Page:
The 'Islamic State' Crisis and U.S. Policy
LIBRARY OF CONGRESS WASHINGTON DC CONGRESSIONAL RESEARCH SERVICE
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The Islamic State is a transnational Sunni Islamist insurgent and terrorist group that has expanded its control over areas of parts of Iraq and Syria since 2013. It threatens the governments of both countries and potentially several other countries in the region, and has drawn increased attention from the international community. There is debate over the degree to which the Islamic State organization might represent a direct terrorist threat to the U.S. homeland or to U.S. facilities and personnel in the region. The forerunner of the Islamic State IS was part of the insurgency against coalition forces in Iraq, and the organization has in the years since the 2011 U.S. withdrawal from Iraq expanded its control over significant areas of both Iraq and Syria. The Islamic State has thrived in the disaffected Sunni tribal areas of Iraq and in the remote provinces of Syria torn by the civil war. Since early 2014, Islamic State-led forces, supported by Sunni Arab tribalists and groups linked to ousted Iraqi President Saddam Hussein, have advanced along the Tigris and Euphrates rivers, seizing multiple population centers including Mosul, one of Iraq s largest cities. Since then, IS forces have massacred Syrian adversaries and Iraqi civilians, often from ethnic or religious minorities, and recently executed two American journalists who the group had captured while they were working in Syria. As of October 2014, Islamic State fighters also have come close to capturing a key Kurdish enclave in northern Syria. The Islamic State s tactics have drawn the ire of the international community, increasing U.S. attention on Iraq s political problems and on the civil war in Syria.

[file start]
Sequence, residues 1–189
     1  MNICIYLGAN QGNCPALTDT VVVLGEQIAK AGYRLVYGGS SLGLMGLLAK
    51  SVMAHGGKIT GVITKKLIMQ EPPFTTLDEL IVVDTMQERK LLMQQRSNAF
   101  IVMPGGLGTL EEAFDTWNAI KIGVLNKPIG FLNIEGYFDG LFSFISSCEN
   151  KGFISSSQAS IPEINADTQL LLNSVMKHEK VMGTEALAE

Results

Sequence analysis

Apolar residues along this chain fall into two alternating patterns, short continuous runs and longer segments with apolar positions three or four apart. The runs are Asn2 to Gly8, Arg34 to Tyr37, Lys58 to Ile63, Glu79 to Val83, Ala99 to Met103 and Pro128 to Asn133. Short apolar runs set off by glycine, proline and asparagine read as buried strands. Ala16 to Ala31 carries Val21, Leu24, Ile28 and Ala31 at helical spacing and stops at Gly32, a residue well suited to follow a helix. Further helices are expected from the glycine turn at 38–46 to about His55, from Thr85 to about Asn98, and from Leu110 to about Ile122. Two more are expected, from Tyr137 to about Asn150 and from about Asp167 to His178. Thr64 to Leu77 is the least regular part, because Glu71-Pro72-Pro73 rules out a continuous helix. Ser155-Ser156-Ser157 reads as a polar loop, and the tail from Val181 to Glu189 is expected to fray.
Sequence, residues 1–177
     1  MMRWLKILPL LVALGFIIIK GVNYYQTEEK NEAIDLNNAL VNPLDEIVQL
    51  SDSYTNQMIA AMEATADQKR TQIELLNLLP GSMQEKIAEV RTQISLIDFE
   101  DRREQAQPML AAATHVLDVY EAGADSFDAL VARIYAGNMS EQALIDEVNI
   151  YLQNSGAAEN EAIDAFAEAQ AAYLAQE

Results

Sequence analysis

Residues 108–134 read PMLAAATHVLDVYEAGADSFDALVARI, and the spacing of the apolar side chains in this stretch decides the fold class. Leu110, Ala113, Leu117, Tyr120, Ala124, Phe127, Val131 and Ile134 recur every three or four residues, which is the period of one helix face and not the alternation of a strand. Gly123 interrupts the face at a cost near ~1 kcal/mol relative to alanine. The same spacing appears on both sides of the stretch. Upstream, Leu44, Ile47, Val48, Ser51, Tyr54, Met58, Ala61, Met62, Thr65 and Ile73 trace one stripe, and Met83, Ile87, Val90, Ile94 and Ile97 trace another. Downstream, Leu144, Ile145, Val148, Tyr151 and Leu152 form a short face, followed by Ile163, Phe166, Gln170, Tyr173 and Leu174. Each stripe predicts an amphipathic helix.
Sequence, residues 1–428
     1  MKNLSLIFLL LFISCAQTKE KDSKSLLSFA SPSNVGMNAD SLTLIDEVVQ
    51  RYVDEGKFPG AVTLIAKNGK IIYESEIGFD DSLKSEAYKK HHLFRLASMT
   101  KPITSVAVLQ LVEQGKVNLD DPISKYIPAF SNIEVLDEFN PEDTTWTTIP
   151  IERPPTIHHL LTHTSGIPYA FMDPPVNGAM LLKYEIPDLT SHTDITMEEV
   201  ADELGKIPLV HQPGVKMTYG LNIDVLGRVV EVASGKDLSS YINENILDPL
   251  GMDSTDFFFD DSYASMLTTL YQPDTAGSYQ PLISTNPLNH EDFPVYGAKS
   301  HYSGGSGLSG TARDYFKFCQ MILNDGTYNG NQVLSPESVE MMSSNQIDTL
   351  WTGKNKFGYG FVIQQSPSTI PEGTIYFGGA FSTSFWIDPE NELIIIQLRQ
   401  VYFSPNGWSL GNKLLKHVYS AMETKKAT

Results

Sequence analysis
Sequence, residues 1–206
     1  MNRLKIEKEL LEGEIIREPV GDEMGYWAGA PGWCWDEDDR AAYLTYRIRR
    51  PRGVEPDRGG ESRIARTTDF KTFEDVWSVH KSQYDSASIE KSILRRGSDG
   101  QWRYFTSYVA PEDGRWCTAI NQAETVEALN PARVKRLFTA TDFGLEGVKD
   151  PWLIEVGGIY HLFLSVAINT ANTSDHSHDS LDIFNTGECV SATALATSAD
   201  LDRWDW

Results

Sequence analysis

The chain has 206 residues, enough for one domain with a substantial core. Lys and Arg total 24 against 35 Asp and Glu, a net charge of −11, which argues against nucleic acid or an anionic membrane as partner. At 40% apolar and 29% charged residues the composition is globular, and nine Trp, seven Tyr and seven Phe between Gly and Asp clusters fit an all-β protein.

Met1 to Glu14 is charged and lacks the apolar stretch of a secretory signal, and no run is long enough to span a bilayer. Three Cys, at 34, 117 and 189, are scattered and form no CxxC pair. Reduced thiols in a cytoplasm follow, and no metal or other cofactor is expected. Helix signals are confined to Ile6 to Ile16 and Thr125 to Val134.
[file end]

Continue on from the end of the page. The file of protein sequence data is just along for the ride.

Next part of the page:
- Government and Political Science
- Unconventional Warfare